Solubility

Solubility is the most important physicochemical property of drug molecules, which can affect the drug absorption. The drug molecules have to be dissolved in the solution for the absorption to occur in the intestinal tract. The solubility of a solute is the maximum quantity of solute that can dissolve in a certain quantity of solvent or quantity of solution at a specified temperature. The extent of ionization and oil/water partition coefficient K of the drug contribute to both drug solubility and membrane permeability. In general, low K indicates high solubility in water and high K indicates high solubility in lipid. However, the drug molecules with high lipid solubility usually possess high membrane permeability.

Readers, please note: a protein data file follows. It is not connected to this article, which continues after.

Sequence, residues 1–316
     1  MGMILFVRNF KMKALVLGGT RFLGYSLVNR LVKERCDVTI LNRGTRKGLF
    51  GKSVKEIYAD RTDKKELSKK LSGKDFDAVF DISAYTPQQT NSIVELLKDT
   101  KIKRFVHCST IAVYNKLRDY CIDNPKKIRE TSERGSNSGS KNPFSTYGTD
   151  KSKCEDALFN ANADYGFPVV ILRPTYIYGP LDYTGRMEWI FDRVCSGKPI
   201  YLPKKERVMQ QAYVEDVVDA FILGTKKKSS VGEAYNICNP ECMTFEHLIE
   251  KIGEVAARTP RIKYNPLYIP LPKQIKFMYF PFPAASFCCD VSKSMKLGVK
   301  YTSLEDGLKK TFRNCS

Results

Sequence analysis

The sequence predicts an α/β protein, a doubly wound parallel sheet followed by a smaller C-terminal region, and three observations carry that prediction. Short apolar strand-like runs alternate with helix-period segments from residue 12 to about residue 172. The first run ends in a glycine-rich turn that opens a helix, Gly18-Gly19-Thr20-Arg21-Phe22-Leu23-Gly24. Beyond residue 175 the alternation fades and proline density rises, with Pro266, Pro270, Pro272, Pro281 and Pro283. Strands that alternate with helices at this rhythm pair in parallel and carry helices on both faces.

Ionization and pH play an important role in drug water solubility (Zhou et al., 2005). Ionized form is usually more water soluble than unionized form, but unionized form is easier for absorption in the GI tract by passive diffusion than ionized form. For weakly basic drugs, more unionized form would be predominant in intestine at high pH (5-8), which favors absorption. For weakly acid drug, more ionized form would be predominant in intestine. Although in theory that ionized weak acid is not favorable for absorption in intestine, the larger surface area of intestine will compensate this weakness to produce complete absorption for many weakly acidic drug.

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